Information Commons and Web 2.0 Technologies: Creating Rhetorical Situations and Enacting Habermasian Ideals in the Academic Library

Information Commons and Web 2.0 Technologies: Creating Rhetorical Situations and Enacting Habermasian Ideals in the Academic Library

Elisabeth Pankl (Kansas State University, USA) and Jenna Ryan (Louisiana State University, USA)
Copyright: © 2008 |Pages: 10
DOI: 10.4018/978-1-59904-863-5.ch060
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Abstract

This chapter delves into the transformation of academic libraries in response to two main elements: Information Commons and Web 2.0 technologies, such as blogs and wikis. This transformation carries immense pedagogical significance for academic libraries by asserting a stronger presence of information literacy within the university curriculum. Traditional concepts of space, both virtual and physical, are also challenged by the inclusion of Information Commons and Web 2.0 technologies within academic libraries. Ultimately, what is revolutionized by these additions is the understanding of communication and pedagogy on the university campus.

Key Terms in this Chapter

Information Commons: An Information Commons is a space found in a library (most often an academic library) that is designed around the social construction of knowledge. This space is often equipped with up-to-date technology.

Rhetoric and Rhetoric Literacy: Rhetoric is language-in-action. Rhetorical literacy, then, is the facility one possesses with using and understanding language on a sophisticated level.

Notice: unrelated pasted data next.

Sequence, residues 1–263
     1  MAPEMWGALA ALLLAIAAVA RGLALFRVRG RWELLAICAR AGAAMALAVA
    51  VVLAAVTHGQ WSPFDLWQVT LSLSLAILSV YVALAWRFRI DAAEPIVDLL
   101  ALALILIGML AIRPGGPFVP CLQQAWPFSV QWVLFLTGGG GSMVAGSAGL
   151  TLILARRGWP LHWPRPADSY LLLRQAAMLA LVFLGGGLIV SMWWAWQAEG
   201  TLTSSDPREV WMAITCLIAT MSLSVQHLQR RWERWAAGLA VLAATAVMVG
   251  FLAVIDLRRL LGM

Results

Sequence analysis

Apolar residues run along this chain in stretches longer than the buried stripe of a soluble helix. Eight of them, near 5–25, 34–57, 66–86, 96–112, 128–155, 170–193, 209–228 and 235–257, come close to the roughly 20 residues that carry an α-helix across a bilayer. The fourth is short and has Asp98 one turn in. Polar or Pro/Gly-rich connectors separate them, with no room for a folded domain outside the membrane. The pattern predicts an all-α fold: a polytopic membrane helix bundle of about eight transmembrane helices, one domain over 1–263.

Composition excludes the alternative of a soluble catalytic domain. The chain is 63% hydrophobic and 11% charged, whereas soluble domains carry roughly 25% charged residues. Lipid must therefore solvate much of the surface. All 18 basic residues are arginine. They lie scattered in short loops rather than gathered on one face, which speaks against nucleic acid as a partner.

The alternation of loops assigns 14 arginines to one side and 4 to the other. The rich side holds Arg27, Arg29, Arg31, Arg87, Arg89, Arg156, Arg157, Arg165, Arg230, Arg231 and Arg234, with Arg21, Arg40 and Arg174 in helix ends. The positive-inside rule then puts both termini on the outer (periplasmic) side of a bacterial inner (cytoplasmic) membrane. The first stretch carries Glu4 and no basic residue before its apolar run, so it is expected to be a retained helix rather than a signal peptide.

Web 2.0: Web 2.0 refers to the participatory Web-based technologies, such as blogs and wikis.

Wiki: A wiki is a Web-based content management system with an easy-to-understand interface that allows users to collaboratively manage and share information.

Public Sphere: The Habermasian Public Sphere is the ideal of the neutral space, away from economics and politics, where pluralistic argumentation can exist in the creation of the democratic ideal.

Blog: A blog is an online journal with dated posts using WYSIWYG software that allows nearly anyone to have a published presence on the Web. A blog typically functions as a diary of sorts and is used for everything from maintaining contact with family and friends to serious academic work.

Blog: A blog is an online journal with dated posts using WYSIWYG software that allows nearly anyone to have a published presence on the Web. A blog typically functions as a diary of sorts and is used for everything from maintaining contact with family and friends to serious academic work.

Rhetoric and Rhetoric Literacy: Rhetoric is language-in-action. Rhetorical literacy, then, is the facility one possesses with using and understanding language on a sophisticated level.

Computer Mediated Communication (CMC): CMC refers to the evolution of the host of mediums for electronic communication.

Web 2.0: Web 2.0 refers to the participatory Web-based technologies, such as blogs and wikis.

Wiki: A wiki is a Web-based content management system with an easy-to-understand interface that allows users to collaboratively manage and share information.

Information Commons: An Information Commons is a space found in a library (most often an academic library) that is designed around the social construction of knowledge. This space is often equipped with up-to-date technology.

Public Sphere: The Habermasian Public Sphere is the ideal of the neutral space, away from economics and politics, where pluralistic argumentation can exist in the creation of the democratic ideal.

Computer Mediated Communication (CMC): CMC refers to the evolution of the host of mediums for electronic communication.

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